Tag Archives: kingfisher

Oregon Coast Wildlife

The Waldport Osprey chicks are growing fast.

osprey feeding chicks
Osprey brings home the bacon

These young male Mallards will be in full color before you know it.

Young male mallards getting their colors
Young male mallards getting their colors

Pileated Woodpecker finds some grub in the dead tree.

Pileated Woodpecker
Pileated Woodpecker

I spotted the first elk calf of the season!!

elk calf
First elk calf of the season!

I love seeing the ducks with so many chicks.  I can’t imagine how the mom keeps up with them all.

Mallard hen with 11 chicks
Mallard hen with 11 chicks

Can you tell what kind of critter tracks these are in the next photo?

critter tracks
Critter tracks: otters and what else?

There were just otter tracks when I first looked.  But then I caught a second culprit.

beaver
Beaver going to get him a blackberry vine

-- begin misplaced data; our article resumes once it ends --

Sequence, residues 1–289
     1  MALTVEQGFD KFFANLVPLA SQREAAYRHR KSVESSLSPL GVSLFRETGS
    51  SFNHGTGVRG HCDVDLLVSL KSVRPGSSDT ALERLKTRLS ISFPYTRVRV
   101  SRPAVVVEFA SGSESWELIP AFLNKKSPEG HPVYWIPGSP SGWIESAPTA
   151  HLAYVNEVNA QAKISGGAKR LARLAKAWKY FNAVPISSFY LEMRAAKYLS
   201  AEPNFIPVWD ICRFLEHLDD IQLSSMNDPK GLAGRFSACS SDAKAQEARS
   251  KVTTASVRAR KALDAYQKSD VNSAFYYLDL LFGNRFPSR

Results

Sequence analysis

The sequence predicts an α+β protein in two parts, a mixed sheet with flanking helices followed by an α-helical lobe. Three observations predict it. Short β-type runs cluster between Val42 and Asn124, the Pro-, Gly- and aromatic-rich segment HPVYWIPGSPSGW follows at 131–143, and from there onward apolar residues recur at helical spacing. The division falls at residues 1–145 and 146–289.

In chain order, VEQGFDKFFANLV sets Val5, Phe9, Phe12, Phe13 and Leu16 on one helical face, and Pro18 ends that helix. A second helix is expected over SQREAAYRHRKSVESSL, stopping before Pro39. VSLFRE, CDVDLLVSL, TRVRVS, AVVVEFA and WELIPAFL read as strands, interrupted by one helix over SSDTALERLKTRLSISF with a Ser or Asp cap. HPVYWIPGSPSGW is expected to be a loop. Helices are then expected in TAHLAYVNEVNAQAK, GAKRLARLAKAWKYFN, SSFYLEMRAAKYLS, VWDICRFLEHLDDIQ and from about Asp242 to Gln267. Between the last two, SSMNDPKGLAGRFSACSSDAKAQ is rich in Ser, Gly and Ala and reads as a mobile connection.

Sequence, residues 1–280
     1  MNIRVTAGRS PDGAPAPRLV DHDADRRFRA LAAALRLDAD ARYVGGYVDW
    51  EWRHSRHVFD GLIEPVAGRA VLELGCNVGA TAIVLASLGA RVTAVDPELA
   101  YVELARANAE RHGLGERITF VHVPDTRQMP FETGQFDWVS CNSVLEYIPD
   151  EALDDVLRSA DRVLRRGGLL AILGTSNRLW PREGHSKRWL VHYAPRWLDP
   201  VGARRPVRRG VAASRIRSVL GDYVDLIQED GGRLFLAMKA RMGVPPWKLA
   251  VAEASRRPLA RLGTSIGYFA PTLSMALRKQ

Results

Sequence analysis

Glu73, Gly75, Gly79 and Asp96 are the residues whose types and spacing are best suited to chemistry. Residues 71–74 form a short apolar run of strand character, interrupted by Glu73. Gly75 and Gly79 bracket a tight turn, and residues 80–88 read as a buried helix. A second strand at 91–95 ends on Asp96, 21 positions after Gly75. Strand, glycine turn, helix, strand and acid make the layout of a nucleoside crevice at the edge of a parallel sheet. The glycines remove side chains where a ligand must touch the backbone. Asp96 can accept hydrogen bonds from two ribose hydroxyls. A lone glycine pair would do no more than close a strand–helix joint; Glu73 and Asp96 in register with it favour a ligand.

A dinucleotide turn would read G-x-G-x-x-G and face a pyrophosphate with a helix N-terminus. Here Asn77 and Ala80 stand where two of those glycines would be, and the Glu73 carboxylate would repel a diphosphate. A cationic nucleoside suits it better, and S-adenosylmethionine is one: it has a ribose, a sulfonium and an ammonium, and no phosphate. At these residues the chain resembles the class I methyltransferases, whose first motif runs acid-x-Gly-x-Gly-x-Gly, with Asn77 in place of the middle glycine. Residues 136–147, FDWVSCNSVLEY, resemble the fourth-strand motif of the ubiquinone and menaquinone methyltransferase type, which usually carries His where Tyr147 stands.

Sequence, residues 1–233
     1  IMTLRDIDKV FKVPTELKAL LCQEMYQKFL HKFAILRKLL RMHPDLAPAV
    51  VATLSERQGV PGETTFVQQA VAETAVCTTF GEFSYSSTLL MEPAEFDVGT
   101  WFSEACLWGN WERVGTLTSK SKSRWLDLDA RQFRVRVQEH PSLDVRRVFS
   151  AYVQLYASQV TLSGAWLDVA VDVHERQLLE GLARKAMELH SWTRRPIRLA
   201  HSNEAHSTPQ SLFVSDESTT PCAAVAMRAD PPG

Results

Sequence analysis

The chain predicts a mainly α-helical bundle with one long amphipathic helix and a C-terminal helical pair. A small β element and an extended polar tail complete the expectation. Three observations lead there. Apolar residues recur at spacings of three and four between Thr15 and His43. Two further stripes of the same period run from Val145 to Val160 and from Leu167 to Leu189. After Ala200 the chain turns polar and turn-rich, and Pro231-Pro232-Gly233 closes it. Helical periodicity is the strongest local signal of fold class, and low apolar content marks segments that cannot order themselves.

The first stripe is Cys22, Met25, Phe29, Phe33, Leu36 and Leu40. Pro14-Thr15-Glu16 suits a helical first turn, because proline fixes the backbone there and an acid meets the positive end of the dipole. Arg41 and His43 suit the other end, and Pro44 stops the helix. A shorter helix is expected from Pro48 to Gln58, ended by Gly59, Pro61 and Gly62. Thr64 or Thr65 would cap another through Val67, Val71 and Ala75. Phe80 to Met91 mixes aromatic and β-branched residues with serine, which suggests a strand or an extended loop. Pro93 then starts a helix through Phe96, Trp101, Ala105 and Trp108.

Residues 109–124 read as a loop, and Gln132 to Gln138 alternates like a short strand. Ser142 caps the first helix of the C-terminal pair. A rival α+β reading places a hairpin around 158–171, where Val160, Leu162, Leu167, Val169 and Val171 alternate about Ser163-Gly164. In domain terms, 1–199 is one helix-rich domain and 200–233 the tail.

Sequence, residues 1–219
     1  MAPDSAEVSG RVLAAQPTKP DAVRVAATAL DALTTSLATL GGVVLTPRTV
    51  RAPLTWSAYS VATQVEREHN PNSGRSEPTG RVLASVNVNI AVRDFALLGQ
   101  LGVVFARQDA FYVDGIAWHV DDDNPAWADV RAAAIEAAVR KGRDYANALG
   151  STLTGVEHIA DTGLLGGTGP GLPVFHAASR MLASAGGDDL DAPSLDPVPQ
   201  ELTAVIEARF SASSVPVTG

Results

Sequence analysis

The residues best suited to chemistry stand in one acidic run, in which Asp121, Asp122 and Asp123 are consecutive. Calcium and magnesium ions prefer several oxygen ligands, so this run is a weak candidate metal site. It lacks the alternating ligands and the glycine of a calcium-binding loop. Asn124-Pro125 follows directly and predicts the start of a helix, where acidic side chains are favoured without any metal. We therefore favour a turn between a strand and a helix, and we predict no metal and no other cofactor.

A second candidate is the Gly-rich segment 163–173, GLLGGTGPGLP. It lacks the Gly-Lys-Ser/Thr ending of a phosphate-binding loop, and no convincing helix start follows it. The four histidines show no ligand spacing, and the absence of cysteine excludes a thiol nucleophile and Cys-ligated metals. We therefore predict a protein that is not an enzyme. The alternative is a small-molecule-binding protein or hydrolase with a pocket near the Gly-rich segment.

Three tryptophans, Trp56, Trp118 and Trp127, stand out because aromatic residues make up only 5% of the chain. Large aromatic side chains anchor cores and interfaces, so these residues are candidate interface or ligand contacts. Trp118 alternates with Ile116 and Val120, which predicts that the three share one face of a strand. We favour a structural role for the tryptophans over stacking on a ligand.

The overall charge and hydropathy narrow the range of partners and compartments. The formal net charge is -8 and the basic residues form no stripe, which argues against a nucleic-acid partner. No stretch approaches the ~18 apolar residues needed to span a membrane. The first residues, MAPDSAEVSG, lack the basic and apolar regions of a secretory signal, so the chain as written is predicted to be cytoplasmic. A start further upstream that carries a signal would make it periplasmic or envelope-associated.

I didn’t know beavers ate blackberry vines but that’s what it went up to get.  It brought it back down to the water’s edge to eat it.  Watch 2 beavers in this video:

[youtube https://youtu.be/i22D5cZIj2E]

The kingfisher kids are learning how to fish.  Mom and Dad still bring them food though – so they can keep up their strength until they get better at it.

3 kingfishers
3 Kingfisher chicks waiting for breakfast

Fishing Lessons – Kingfishers

These Kingfishers are like a morning alarm clock only the Snooze button doesn’t work and we can’t unplug it from the wall.  hahaha  …and it’s not as annoying.

kingfisher
Belted Kingfisher

When a single Kingfisher is working the river it doesn’t make this much noise (watch video below).  So I’m guessing that these Kingfishers are young birds being taught how to fish.  Either the parents are giving lots of encouragement to their young or the children are saying “Wait up!  Wait up!  I’m hungry!  I’m tired!”   Or maybe both?

Whatever is going on, they are fun to watch.  We’ve seen as many as 6 Kingfishers working this part of the Alsea River at one time.  Occasionally they actually splash in the water to catch a bite to eat.